Lens-Artists Photo Challenge: Surprise

The sudden sting of tears, unbidden. Grief leaking out along the edges of a prepared lid, supposedly clamped shut.

I have been surprised by joy often. Lately, it is surprising to find myself awakening to deep melancholy. I am not used to this. I think of myself as an optimist.

But I know that I live in a very protected world of my own design. I am educating myself intentionally. I am letting go of delusions.

“Do not avoid contact with suffering or close your eyes before suffering. Do not lose awareness of the existence of suffering in the life of the world…”

― Thich Nhat Hahn 

This morning, I awoke with a visceral feeling of sadness, of uncertainty, of betrayal and abandonment. I imagine it’s a response to the images and knowledge I’m absorbing through news media and films.

When emotions arise powerfully in me, I am taken by surprise. I was raised to regulate them with logic and religious faith. I have now learned to tolerate looking closely at them.

My housemate found a poem for me that helped me put the feeling into words. It is “Dover Beach”, by Matthew Arnold. 

The sea is calm tonight.
The tide is full, the moon lies fair
Upon the straits; on the French coast the light
Gleams and is gone; the cliffs of England stand,
Glimmering and vast, out in the tranquil bay.
Come to the window, sweet is the night-air!
Only, from the long line of spray
Where the sea meets the moon-blanched land,
Listen! you hear the grating roar
Of pebbles which the waves draw back, and fling,
At their return, up the high strand,
Begin, and cease, and then again begin,
With tremulous cadence slow, and bring

The eternal note of sadness in.

Sophocles long ago
Heard it on the Ægean, and it brought
Into his mind the turbid ebb and flow
Of human misery; we
Find also in the sound a thought,

Hearing it by this distant northern sea.

The Sea of Faith
Was once, too, at the full, and round earth’s shore
Lay like the folds of a bright girdle furled.
But now I only hear
Its melancholy, long, withdrawing roar,
Retreating, to the breath
Of the night-wind, down the vast edges drear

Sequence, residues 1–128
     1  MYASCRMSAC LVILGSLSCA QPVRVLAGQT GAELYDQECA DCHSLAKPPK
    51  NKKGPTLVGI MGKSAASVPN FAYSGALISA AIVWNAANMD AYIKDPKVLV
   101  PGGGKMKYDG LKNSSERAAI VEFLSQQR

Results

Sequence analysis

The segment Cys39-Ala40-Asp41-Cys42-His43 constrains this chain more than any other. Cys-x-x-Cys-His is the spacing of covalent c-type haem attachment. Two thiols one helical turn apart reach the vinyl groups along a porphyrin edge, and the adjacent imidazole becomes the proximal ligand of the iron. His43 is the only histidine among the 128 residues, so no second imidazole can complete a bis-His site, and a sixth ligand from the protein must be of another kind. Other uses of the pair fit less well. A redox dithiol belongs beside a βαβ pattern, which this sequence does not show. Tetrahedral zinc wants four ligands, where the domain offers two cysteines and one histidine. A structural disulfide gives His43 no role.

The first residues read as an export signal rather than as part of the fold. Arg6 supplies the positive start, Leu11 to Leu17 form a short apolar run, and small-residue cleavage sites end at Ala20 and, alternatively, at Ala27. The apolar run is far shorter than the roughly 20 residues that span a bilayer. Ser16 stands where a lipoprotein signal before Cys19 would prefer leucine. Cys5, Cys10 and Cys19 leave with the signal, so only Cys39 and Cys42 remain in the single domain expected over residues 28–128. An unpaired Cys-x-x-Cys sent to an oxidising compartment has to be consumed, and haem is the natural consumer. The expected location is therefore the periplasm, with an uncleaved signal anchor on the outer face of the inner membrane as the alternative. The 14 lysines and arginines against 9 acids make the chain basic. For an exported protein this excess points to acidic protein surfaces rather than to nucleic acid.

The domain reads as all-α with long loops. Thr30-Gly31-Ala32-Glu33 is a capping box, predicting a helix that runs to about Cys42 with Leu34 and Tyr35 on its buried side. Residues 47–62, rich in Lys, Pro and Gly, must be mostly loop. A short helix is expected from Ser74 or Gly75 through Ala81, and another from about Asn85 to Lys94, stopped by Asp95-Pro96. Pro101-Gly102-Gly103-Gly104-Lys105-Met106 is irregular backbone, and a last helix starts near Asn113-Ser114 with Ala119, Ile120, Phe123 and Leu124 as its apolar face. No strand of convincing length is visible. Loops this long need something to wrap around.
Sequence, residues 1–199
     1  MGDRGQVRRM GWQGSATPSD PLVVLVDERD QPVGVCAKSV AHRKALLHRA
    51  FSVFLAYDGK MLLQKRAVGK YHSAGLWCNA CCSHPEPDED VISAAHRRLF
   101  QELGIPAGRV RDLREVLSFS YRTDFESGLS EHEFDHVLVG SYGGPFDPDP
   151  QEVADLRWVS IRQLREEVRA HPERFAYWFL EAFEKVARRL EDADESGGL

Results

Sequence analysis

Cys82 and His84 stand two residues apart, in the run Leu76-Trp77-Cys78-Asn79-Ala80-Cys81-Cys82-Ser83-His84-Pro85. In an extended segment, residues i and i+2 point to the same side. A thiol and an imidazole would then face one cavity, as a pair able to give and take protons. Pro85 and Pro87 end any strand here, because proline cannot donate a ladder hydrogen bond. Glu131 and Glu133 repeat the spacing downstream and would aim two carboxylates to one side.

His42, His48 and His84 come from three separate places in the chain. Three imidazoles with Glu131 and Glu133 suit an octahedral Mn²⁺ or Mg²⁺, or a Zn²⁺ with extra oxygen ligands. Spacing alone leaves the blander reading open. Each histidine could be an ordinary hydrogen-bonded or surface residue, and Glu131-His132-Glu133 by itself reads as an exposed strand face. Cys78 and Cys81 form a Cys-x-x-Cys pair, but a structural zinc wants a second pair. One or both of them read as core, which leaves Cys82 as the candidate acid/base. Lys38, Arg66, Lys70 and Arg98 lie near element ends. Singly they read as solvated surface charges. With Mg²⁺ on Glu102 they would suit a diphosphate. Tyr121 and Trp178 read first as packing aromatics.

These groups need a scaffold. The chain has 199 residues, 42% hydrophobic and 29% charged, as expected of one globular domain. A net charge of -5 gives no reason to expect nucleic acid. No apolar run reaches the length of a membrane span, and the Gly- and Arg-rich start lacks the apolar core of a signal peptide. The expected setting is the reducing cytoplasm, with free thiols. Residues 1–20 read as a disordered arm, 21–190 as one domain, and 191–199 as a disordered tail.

And naked shingles of the world.

Ah, love, let us be true
To one another! for the world, which seems
To lie before us like a land of dreams,
So various, so beautiful, so new,
Hath really neither joy, nor love, nor light,
Nor certitude, nor peace, nor help for pain;
And we are here as on a darkling plain
Swept with confused alarms of struggle and flight,
Where ignorant armies clash by night.

“…Find ways to be with those who are suffering by all means, including personal contact and visits, images, sounds. By such means, …awaken yourself and others to the reality of suffering in the world. If we get in touch with the suffering of the world, and are moved by that suffering, we may come forward to help the people who are suffering.”

― Thich Nhat Hahn

Perhaps surprise is simply the evidence that we live in a state of unknowing. We delude ourselves in order to shelter for a time in the idea that we are in control and can predict events and outcomes. The “cosmic 2x4s” of life will whack us upside the head from time to time and wake us up. It can be painful, surely. And it is beneficial as well. Once awake, we can acknowledge reality with greater perception and take actions that will be more specific and appropriate.  

“Awareness is like the sun. When it shines on things, they are transformed.” ― Thich Nhat Hanh

It is my hope and faith that the sunshine of awareness can transform the  devastation of our man-made storms into guiding visions of beauty and light.

May we awaken and become wise and kind.

Thank you, Ann-Christine, for inviting us to ponder Surprise.

The Flow of Emotions

Peace like a river.  After the burning of Valhalla, the Rhine surges its banks and brings everything back to a gentle equilibrium.  Sometimes I feel like I’ve burned out on the passions of the world and slipped into the calm of old age and wisdom….and then the flames flicker under the surface, and I dive into the drama with an eagerness that mystifies me.  Why do I want to go there?  Is it my ego grasping for some thrill ride?  Beginnings and endings are often infused with heightened emotion, even and maybe especially in the recollection of them.   There’s an excitement to those feelings that can be addictive.  I wallow in the concept of new love and the tearful goodbyes.  And then I get a headache and puffy eyes and wonder why I’m so masochistic.   I blame hormones.  And social traditions like Valentine’s Day.

I appreciate my partner and the safe but challenging environment he creates.  He asks me what I’m feeling and waits patiently while I try to fashion words from the vulnerable soup of my damp thoughts.  I am learning to be aware of myself, my cyclical moods and intractable psychological baggage.   He senses when I’m “stuck” and when I’m “flowing”.  And so, I dedicate this photo to him:

Thanks, Steve, for your compassion.